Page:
Commenting on this, Swami Chinmayananda says that "The surrender unto the Lord should not be a temporary self deception; it should be done with a total spirit of devotion and with a state of ego-lessness." This was the spirit exhibited by Radha, Prahlada and Hanuman.

The surrendering of ego is often construed as a weakness. On the contrary, the spirit of surrender enhances our quality of goodness which ultimately leads to godliness. But where is God? Vedanta says He resides within us.

By surrendering the ego we will be able to perpetually experience Spiritual Actualisation, leading to a higher SQ. For, "We are not human beings having spiritual experience, but spiritual beings having human experience".

From India, Delhi
Hi Archana,

You know the latest buzz word: "Failure Quotient". Below is a small article on the "FQ"

Your Failure Quotient

by Dr Michael Norwood

The president of my college gave the best speech any luminary ever could have at my graduation. Addressing the hundreds of students, he said that now that we were graduating, our success in life no longer depended on our I.Q., but rather on our F.Q. - our Failure Quotient; how many times we could be knocked down but keep getting back up and slowly moving forward.

I don't know if any of my fellow graduates remembered those words, but I never forgot them. I have seen over and over again in my life and in the lives of others how a high F.Q. is the key to success - the one factor that all people of accomplishment have in common.

Having a high Failure Quotient is a paradox; we aren't accustomed to equating failure with success. When we think of super-winners or super-successful people - whether they be superstar athletes like Michael Jordan, renowned politicians like Rudy Giuliani, or famed entrepreneurs like Ross Perot or Walt Disney - we usually think of them in the lap of luxury, at the top of the world, and at the height of ease and power.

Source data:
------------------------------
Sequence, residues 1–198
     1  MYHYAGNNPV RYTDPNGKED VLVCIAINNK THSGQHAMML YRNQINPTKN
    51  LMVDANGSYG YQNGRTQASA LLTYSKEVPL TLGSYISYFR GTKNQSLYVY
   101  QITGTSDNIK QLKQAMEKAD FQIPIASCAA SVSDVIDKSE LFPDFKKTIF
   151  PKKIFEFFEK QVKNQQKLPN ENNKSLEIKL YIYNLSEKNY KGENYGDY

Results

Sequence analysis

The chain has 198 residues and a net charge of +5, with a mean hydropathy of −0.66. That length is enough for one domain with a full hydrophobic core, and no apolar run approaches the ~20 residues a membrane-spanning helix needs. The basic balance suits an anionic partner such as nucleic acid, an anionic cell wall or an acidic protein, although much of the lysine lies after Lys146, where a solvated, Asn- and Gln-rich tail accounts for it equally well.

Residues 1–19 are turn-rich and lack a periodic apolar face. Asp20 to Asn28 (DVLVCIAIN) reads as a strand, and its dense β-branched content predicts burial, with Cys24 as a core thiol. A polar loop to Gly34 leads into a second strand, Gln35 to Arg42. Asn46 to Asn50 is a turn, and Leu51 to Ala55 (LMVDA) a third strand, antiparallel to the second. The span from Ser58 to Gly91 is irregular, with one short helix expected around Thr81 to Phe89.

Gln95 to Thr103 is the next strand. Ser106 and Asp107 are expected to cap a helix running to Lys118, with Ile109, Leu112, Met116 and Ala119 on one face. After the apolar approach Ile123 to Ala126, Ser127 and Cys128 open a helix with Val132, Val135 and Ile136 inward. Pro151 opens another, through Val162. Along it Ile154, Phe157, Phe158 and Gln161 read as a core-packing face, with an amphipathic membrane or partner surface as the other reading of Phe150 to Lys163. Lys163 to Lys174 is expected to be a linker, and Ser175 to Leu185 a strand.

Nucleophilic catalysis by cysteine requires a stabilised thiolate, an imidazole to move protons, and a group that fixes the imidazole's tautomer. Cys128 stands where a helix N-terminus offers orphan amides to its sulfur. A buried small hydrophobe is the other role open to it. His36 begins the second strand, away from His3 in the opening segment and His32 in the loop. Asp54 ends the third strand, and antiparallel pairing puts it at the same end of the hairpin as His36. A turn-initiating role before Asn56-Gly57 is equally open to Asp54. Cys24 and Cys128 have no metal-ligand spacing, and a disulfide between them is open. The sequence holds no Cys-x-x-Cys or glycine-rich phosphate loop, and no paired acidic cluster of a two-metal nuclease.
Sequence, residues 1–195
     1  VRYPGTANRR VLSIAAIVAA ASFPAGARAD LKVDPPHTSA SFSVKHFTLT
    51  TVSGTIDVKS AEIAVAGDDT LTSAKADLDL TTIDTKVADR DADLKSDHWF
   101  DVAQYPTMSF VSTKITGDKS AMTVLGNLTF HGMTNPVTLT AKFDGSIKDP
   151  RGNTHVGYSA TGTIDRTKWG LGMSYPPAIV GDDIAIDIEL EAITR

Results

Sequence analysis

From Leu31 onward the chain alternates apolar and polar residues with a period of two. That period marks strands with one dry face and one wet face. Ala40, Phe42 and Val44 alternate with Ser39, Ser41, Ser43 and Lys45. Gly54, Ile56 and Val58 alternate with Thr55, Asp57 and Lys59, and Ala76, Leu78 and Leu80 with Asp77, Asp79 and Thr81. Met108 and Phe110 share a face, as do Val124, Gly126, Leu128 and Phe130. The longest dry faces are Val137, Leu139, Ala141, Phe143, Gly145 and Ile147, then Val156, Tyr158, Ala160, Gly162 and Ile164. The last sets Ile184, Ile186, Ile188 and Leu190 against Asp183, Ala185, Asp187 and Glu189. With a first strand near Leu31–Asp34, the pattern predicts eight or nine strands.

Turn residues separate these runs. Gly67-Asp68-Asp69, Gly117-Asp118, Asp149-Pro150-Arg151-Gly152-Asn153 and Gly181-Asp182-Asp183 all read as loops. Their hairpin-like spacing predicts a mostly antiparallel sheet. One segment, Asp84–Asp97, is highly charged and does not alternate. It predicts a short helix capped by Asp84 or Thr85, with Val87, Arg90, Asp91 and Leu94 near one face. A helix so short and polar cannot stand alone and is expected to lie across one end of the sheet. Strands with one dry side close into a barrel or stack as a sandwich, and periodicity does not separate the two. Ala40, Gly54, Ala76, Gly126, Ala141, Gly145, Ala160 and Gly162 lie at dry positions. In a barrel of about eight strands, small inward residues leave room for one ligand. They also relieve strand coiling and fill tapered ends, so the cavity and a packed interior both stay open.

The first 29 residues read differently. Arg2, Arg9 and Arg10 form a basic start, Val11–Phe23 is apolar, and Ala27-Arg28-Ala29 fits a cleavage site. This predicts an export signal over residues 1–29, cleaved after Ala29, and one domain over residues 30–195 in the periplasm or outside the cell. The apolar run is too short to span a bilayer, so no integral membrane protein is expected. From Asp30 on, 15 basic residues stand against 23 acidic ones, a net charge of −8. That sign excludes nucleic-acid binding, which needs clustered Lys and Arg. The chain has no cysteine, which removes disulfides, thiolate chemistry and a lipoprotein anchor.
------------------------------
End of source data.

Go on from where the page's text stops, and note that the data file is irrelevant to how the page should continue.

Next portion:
Yet Michael Jordan is known as the greatest basketball player of all time for one thing: his ability to "turn on" in the fourth quarter; not the first, second or third quarter, mind you. But in the fourth quarter, when his team is often down, when things are most crucial, and when lesser players in sports - and more passive people in life - are ready to throw in the towel.

Everyone knows Rudy Giuliani as one the heroes of September 11th, the man who mobilized his city, and lifted our country and the world up out of the grip of fear surrounding one of the most traumatic events in history. Few people remember that just a short time before September 11, 2001, Rudy Giuliani's future had been discounted. He had to withdraw from the New York Senate race because of a diagnosis of prostate cancer. This was followed by a very public and messy divorce splashed across every newspaper column in the country and jibed at by every radio and T.V. talk show host on air.

Now ask yourself, on a scale of 1 to 100, at what level is Rudy Giuliani's Failure Quotient? How about Michael Jordan's? And most importantly, how about yours?

When we get a rejection or have a setback, it s very hard not to feel at least momentarily thrown off course. Yet I believe that a major benefit people receive who have gone through difficult life challenges is that no matter what other daily challenge they face, they can measure it against the larger life adversity they ve overcome, and put it into its proper perspective. Whether you ve been through a serious illness, loss of a loved one, divorce, or have been a victim of violence, the rest of your life you can benefit by using that experience to weigh everything else you face against it.